Aims: Palpitations are a distressing symptom for patients and present a difficult diagnostic challenge in primary care. Patients with benign palpitations are often referred onto secondary care services out of fear of missing more sinister conditions. Local guidelines have been provided to referrers to improve service delivery. We analysed the adherence to these.
Methods: We conducted a clinical audit for patients referred by primary care to a cardiology clinic at our trust in 2018. New patients referred directly from primary care services with a primary presenting complaint of palpitations were included. Referrals were assessed by gauging adherence to local guidance through the evaluation of clinical letters and were split as appropriately or inappropriately referred. We also reviewed the investigations and final diagnosis for each patient. A two-sample t-test with equal variance assumed was used to assess number of investigations. Chi-squared test was used to assess variation between cardiac memo and MRI use in the two groups as these were deemed as investigations that are requested only in patients requiring higher clinical attention.
Results: A total of 565 patients were referred to one outpatient clinic by primary care. Of these, 11.7% (n=66) were for palpitations and met our inclusion criteria. Mean age was 47.8 years and 56.1% (n=37) were female. Mean time between referral and first appointment was 103.6 days. 48.5% (n=32) of patients were referred appropriately. Mean age was 51.21 and 44.21 in appropriately and inappropriately referred patients respectively. Final diagnosis of benign conditions such as benign ectopic beats were found in 21.9% and 91.2% of the appropriately and inappropriately referred groups respectively. Mean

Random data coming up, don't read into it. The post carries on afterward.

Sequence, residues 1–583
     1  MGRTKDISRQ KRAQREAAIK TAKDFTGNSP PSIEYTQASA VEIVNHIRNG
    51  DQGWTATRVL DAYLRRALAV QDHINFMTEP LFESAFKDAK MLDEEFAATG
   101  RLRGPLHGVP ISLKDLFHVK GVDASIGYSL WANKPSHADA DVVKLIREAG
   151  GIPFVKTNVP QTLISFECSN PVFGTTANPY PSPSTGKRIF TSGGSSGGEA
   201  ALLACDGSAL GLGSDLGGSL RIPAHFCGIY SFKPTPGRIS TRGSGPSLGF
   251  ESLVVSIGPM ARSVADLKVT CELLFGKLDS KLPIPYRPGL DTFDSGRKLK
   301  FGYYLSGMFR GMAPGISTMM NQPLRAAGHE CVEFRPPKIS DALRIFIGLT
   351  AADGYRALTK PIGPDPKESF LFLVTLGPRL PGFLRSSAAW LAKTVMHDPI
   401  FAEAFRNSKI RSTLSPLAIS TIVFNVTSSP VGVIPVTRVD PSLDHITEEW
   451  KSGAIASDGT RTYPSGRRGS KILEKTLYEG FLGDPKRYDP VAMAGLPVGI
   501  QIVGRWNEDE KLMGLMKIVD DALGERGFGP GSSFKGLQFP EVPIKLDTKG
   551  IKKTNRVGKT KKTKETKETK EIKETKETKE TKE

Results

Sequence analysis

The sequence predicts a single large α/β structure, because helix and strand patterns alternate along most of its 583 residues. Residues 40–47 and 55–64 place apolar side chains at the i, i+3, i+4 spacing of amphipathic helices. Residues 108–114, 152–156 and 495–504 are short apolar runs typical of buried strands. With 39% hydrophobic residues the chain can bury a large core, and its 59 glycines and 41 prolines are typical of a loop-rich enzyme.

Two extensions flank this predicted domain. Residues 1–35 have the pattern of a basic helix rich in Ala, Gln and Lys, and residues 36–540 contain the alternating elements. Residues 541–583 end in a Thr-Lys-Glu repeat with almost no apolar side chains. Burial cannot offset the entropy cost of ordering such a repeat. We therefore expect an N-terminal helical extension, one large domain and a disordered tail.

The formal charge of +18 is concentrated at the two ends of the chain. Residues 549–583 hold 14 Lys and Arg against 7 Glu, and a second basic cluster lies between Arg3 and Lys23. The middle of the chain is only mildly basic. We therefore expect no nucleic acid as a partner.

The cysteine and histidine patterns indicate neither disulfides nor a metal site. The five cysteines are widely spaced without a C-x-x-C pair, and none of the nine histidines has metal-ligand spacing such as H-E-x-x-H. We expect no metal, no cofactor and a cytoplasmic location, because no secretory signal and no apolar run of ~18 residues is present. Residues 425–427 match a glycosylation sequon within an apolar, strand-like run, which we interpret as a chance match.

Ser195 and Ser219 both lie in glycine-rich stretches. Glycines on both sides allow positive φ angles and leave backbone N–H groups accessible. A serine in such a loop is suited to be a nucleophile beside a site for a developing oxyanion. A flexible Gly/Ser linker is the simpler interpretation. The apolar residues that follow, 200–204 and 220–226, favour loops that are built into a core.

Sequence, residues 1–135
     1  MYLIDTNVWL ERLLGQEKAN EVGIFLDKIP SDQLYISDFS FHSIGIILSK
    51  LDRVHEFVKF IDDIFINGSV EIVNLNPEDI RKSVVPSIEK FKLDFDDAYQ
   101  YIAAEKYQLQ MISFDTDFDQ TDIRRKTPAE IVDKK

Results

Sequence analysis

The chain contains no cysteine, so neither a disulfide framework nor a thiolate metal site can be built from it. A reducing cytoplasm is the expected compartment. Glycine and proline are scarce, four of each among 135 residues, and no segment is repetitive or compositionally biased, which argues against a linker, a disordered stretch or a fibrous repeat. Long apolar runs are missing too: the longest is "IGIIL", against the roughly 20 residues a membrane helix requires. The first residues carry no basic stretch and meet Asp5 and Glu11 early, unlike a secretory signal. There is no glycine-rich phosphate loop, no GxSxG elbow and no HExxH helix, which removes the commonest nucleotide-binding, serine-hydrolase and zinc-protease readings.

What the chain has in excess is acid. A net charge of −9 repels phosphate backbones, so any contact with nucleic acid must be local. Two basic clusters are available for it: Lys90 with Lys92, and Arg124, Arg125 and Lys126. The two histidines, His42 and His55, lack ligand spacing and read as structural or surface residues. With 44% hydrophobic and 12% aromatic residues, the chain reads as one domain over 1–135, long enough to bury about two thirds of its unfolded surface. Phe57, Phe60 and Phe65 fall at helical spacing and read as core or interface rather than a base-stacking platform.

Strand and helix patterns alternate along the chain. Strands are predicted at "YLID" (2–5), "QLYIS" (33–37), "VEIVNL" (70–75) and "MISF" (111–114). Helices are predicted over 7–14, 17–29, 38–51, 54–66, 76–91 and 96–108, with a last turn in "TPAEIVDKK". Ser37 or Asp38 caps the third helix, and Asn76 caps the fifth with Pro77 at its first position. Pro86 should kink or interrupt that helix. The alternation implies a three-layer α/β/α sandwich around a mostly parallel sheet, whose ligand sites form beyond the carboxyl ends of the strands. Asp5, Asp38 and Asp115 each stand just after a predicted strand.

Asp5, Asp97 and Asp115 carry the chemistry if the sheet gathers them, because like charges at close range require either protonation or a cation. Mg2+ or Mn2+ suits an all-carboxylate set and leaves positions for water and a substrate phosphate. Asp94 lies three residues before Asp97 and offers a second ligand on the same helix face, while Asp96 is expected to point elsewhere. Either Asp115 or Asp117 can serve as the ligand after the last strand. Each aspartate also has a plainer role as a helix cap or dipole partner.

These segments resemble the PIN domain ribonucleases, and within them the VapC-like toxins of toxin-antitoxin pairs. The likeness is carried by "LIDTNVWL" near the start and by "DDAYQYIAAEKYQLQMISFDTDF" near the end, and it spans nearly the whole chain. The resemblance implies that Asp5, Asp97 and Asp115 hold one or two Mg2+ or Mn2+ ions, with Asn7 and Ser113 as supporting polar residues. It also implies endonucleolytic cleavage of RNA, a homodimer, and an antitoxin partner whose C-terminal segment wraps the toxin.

number of investigations for appropriately referred patients was 3.13 compared to 2.03 in those inappropriately referred, this difference was statistically significant (mean difference of 1.10 [CI: 0.60–1.59]). Both cardiac memo (p<0.05) and MRI (p<0.05) were statistically more likely to be used in the appropriate group.
Conclusions: The results from our audit indicate that palpitations contribute a significant proportion of referrals from primary care. A large number of these patients are being referred inappropriately and not in accordance with guidance, suggesting that there are barriers to implementing these guidelines in practice that require further investigation. Inappropriately referred patients are less likely to require higher level investigations and are more likely to have benign
diagnosis suggesting that these patients could be managed in primary care. Adherence to guidelines may prevent unnecessary referrals in patients that could be managed in primary care.